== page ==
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Outgoing IAPO Director, Professor Kalula: “I leave with a heightened sense of humanity”

13 Dec 2017 - 10:30
Emeritus Professor Evance Kalula

On the evening of 12 December 2012, Professor Evance Kalula collapsed in the back of a car after one of his first events as director of IAPO. His heart condition had worsened and he was given only weeks to live. Miraculously, a donor heart was found just nine days later. Kalula underwent a successful heart transplant and after a period of recovery he returned to work.

“Now, five years exactly after that surgery, I feel the same way about my new heart as I do about my time as director,” he explains, “I feel grateful.” He adds: “Of course, that’s not to say that either experience has been without its challenges.”

A new approach to internationalisation

IAPO was created in 1996 with the mission to enhance internationalisation at UCT. “South Africa’s first democratic elections had occurred only two years before and at the time the great Deputy Vice-Chancellor Martin West had worked hard to show the leaders of African universities that UCT was an outward-looking institution,” explains Kalula. “Following on from this legacy, Vice-Chancellor Max Price emphasised the idea of UCT becoming an Afropolitan university.” At the time, the term Afropolitan was defined by Deputy Vice-Chancellor Thandabantu Nhlapo as “the university’s aspiration to embrace more meaningfully and more visibly its African identity and to play a significant continental role as one of Africa’s leading institutions”.

According to Kalula, the combination of these two ideas resulted in one of the biggest changes he has witnessed at during his time at UCT and specifically at IAPO: the broadening definition of what internationalisation means. “In the past, the focus used to be on mobility and scholarships. These days it is far more research-based,” he says. “The Research Office has done wonders to create an international research profile for UCT, but it is not just about the rankings: it is also about building long-term human capacity.

As examples, Kalula points to the contribution of programmes like the MasterCard Foundation Scholars Program, a 10-year initiative to educate young Africans and provide access to quality and relevant education, and the Universities Science, Humanities, Law and Engineering Partnerships in Africa (USHEPiA), a long-running collaboration of eight African universities that focuses on building research capacity institutions across the continent. “I believe there is now a cohort of over 60 researchers that have passed through the programme and the vast majority of them have remained in their home countries.”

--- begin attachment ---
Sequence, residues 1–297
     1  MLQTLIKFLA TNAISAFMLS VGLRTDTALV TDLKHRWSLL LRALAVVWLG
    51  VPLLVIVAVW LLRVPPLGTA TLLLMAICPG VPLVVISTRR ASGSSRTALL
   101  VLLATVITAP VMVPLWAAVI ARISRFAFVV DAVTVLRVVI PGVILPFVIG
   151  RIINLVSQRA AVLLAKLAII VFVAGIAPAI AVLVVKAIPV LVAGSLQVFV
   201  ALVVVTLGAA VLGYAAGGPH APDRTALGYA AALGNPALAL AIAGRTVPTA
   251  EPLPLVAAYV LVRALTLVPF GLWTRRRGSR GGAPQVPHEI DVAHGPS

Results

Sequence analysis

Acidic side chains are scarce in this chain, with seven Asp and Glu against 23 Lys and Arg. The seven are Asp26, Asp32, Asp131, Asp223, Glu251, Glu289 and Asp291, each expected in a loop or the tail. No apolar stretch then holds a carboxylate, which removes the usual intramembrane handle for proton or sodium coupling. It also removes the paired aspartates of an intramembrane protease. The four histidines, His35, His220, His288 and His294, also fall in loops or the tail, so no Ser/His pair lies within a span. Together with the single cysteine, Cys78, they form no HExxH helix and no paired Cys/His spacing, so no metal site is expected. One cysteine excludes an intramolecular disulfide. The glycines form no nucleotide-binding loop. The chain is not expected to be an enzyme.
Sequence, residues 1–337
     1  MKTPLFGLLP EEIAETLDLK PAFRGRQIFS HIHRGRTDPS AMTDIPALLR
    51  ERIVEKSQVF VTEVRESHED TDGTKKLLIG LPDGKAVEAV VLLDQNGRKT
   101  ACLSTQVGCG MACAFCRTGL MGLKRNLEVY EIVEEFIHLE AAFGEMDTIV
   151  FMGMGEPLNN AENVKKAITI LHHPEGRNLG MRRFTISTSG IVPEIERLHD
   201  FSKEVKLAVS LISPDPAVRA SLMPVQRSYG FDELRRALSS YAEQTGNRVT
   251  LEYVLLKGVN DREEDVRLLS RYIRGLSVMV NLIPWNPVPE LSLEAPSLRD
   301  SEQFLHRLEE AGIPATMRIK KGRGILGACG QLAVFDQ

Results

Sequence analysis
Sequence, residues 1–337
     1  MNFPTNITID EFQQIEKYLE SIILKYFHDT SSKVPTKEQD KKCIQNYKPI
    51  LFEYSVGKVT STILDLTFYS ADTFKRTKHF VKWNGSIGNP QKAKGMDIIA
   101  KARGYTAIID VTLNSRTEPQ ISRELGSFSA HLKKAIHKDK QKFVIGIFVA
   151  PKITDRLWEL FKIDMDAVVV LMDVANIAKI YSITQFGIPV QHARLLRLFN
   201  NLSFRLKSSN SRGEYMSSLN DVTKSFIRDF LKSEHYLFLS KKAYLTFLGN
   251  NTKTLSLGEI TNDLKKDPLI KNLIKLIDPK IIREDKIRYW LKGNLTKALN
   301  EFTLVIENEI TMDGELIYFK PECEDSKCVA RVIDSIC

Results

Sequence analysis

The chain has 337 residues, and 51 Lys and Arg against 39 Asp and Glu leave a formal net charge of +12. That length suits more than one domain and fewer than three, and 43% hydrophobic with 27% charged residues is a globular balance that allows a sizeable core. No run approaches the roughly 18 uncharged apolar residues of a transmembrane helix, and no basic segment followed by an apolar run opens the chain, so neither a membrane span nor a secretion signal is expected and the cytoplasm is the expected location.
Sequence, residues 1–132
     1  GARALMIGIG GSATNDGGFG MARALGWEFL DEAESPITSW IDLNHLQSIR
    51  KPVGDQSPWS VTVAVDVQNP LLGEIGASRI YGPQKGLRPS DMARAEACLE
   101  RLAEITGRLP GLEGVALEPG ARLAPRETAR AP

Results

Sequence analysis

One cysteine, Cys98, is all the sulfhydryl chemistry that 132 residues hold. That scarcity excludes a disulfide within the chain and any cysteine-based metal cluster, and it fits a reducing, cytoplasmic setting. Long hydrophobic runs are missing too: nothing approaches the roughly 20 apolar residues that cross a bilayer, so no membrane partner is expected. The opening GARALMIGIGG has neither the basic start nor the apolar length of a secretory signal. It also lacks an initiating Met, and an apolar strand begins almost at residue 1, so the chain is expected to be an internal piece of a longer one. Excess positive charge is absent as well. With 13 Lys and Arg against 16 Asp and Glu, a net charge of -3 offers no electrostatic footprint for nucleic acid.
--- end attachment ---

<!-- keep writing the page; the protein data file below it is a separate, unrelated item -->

On the subject of new timber

Kalula had already been offered a nomination for director of IAPO before 2012, but he turned it down. At the time, he decided to get his full professorship first and pursue the research interests that led to him becoming an NRF A-rated researcher. “In hindsight, I am very glad that I had the opportunity to take up other roles within the university as a Council and Senate member as well as a Warden. This breadth of experience is also partly the reason why I feel qualified to say that when it comes to creating a new generation of young, black academics, I don’t believe UCT has pursued an agenda of transformation as aggressively as it could have.”

In contrast, Kalula describes the radical transformation programmes that many African universities undertook after independence. “If you look at countries like Zambia, Kenya and Ghana, there was a clear push to create a new generation of young, black academics in the wake of staff members that were often expats. These young academics were often given teaching positions before being encouraged to seek their PhDs at international institutions and then return home. The programmes were also centrally located in the chancellors office.” At UCT this task was devolved to individual faculties, and in Kalula’s opinion, it was often taken up with varying degrees of enthusiasm. “The result is that UCT has an ageing and still predominantly white cohort of academics and this needs to change in the future,” he says.

“Humanity is an ocean.”

“I do believe that the current challenges that UCT faces have rattled our partners,” says Kalula. “I believe you can see this in the fact that the study abroad semester has seen some declining numbers recently, and of course internationalisation becomes more of a focus when such things start affecting the financial bottom line.” He nonetheless believes that UCT is meeting these challenges. “It is my firm belief that in a 100 years this institution will still be flourishing.”

“When I became director, IAPO was a divided workplace and although there is still much to be done I am proud to say that I believe I leave it as a department at peace with itself,” Kalula says. “My hope in the future is that we can turn out truly global graduates and I believe IAPO has an important role to play in doing this by making local students our partners in internationalisation.”

Kalula believes that the creation of a student representative council (SRC) international desk is a step in the right direction, and that other measures ­ such as teaching lecturers how to deal with a diverse class of students that come from many different countries ­ are other examples of ways to create a global orientation for UCT graduates and staff alike.

“Perhaps it is because I was given the ultimate gift of a new heart,” says Kalula, “but I cannot help but feel optimistic for UCT’s future. There are important questions to be answered, but the questions are necessary. Personally, I feel enormously thankful. And as Gandhi says, we must keep our faith: ‘Humanity is an ocean; if a few drops of the ocean are dirty, the ocean does not become dirty.’”

Story Ambre Nicolson. Portrait Lerato Mokhethi.